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Trump, Putin and the rise of the Macho International

Donald Trump is just the most visible manifestation of a self-pitying misogynistic ideology

Have you ever seen a picture of Vladimir Putin with a woman? Apart from Angela Merkel, it’s difficult to imagine. Putin and a horse? Of course. Putin and a tiger? What could be finer! Putin and a lady? Crazy.

Putin is the de facto leader of the new Macho International, the movement that unites George Galloway and Nigel Farage in the United Kingdom, and propels Donald Trump ever onward in the United States. It is the movement of the golf-club revolutionary, the simultaneously triumphant and self-pitying, the irrational and trite dressed up as “common sense”.

The new macho’s obsession is with perceived bodily violation. In its most literal form, this manifests in Putin’s state homophobia. Less obvious but with similar undercurrents are the extremes of the Leave EU campaign, driven by fear of foreigners and little more, and the Trump promise to build a prophylactic barrier to protect the United States. It is all very Jack D Ripper in its obsessions – penetration, contamination, dilution, weakening: “A foreign substance is introduced into our precious bodily fluids without the knowledge of the individual. Certainly without any choice,” the cigar-chomping Brigadier General announces in Doctor Strangelove.

What does this have to do with women or International Women’s Day? Well, at first glance, nothing. No girls allowed. This is a club for men. Men doing manly things, like smoking cigars and invading Crimea. Men saying manly sayings, nodding in agreement when someone confirms “If there’s one thing we all know, it’s that you don’t poke the Russian bear.” Men barely able to contain their admiration for Bashar al Assad’s brutality, feigning sadness as they point out that he may be cruel, but he at least provides stability (like a philandering but wealthy Edwardian father).

The model wife is not Trump’s romantic partner per se, but the reward due to men like Trump

In this world, women are either accessories or invisible. Galloway and Trump display their younger, beautiful wives like medals – indicators of their masculine brilliance. In a revealing episode recounted by Matt Taibbi for Rolling Stone Trump singles out a lookalike at a rally in New Hampshire: He “tells him he hopes the guy is making a lot of money. "Melania, would you marry that guy?" Melania Knauss, The model wife is not Trump’s romantic partner per se, but the reward due to men like Trump.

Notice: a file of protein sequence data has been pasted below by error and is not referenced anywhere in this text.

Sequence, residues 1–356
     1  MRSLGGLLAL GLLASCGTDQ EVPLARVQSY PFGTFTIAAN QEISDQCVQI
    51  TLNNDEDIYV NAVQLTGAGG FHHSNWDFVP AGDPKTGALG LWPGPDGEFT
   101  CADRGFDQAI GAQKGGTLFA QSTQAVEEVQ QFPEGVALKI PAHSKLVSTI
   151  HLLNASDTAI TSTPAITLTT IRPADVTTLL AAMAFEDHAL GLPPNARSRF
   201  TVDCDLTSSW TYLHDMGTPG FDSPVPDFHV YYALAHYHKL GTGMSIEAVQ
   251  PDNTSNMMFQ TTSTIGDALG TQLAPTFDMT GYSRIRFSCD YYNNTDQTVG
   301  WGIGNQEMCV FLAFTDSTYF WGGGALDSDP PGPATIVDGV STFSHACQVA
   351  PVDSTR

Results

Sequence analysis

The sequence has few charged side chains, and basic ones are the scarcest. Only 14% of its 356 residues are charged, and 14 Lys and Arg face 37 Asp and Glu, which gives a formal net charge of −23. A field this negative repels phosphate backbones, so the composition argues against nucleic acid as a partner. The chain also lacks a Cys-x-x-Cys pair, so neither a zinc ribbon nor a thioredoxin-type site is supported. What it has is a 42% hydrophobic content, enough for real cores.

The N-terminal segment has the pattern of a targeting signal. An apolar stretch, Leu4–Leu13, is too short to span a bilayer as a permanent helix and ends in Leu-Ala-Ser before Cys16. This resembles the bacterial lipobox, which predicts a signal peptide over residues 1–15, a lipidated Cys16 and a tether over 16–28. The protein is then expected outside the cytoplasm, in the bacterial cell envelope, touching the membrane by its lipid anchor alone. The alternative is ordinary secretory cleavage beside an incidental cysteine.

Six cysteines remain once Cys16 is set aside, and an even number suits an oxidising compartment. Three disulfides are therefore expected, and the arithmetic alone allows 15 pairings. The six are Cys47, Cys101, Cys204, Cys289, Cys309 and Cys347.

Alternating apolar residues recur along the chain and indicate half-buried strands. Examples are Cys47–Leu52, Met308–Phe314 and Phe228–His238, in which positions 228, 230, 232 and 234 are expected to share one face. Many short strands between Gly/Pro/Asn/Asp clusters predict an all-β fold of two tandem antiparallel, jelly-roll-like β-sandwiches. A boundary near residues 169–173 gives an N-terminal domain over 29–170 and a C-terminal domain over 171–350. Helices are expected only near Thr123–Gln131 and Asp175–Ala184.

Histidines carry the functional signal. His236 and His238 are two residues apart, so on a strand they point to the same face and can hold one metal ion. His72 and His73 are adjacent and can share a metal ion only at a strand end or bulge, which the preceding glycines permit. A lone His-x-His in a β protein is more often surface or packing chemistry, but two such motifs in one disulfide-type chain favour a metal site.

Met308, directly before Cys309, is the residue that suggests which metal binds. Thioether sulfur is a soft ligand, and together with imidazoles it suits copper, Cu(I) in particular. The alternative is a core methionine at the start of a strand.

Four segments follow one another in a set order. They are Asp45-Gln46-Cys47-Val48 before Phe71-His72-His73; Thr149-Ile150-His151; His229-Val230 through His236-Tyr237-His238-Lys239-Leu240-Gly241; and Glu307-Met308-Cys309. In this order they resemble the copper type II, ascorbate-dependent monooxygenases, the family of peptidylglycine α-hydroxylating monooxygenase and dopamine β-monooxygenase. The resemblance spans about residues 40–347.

Putin and Farage do not wear their medals in public, keeping the optics 100 per cent masculine. Lyudmila Putina, Putin’s ex wife, was never really acknowledged in public; he may or may not be now in a relationship with former athlete turned politician Alina Kabaeva, who may or may not have had his child.

Much fun is had with the fact that Nigel Farage, who has built a career opposing EU immigration, is married to a German woman: but few people could tell you her name or what she looks like. Her name’s Kirsten Farage. Wonderfully, the UKIP leader’s first wife was also a foreigner, an Irish nurse called Gráinne Hayes. Trump's wife is also, of course, an immigrant. Somehow that doesn't count.

To focus on the most macho of men and their relationships to women may seem an odd way to approach International Women’s Day, but the emergence of this reactionary trend is worth noting in any discussion about the challenges women face. Online, its extremes are reflected in the Men’s Rights movement,a whining strop, fuelled by younger men who look to the likes of Trump as some sort of paradigm. At the very fringe is the AltRight movement, young men who combine the petulance of the MRAs, 4Chan trollery and a fondness for the racist justifications of 20th century fascism. The left has its “brocialists”, comfortable mansplaining to women that “identity politics” (including feminism) are distractions from the real struggle of growing facial hair and writing lengthy partial justifications of Stalinism.

Extremes don’t spring from nowhere, though. There isn’t a single man in the soft centre where most of us live who hasn’t, at the very, very least, subconsciously but nonetheless overtly patronised a woman in conversation, at one end of the continuum.

And yes, yes, I know. Not all men and all that. But the Macho International is real and growing, with its figureheads, its tropes, its bear-rape-wilderness-epic and on and tediously, dangerously on.

It’s boring and crass, but it's enticing for some. It must be stopped.

Padraig Reidy is the editor of Little Atoms. He is Director of Editorial at 89up and has written and ghostwritten for The Evening Standard, The Guardian, The Observer, The Irish Times, The Daily Telegraph, The New Statesman, The Sun, and The Irish Post.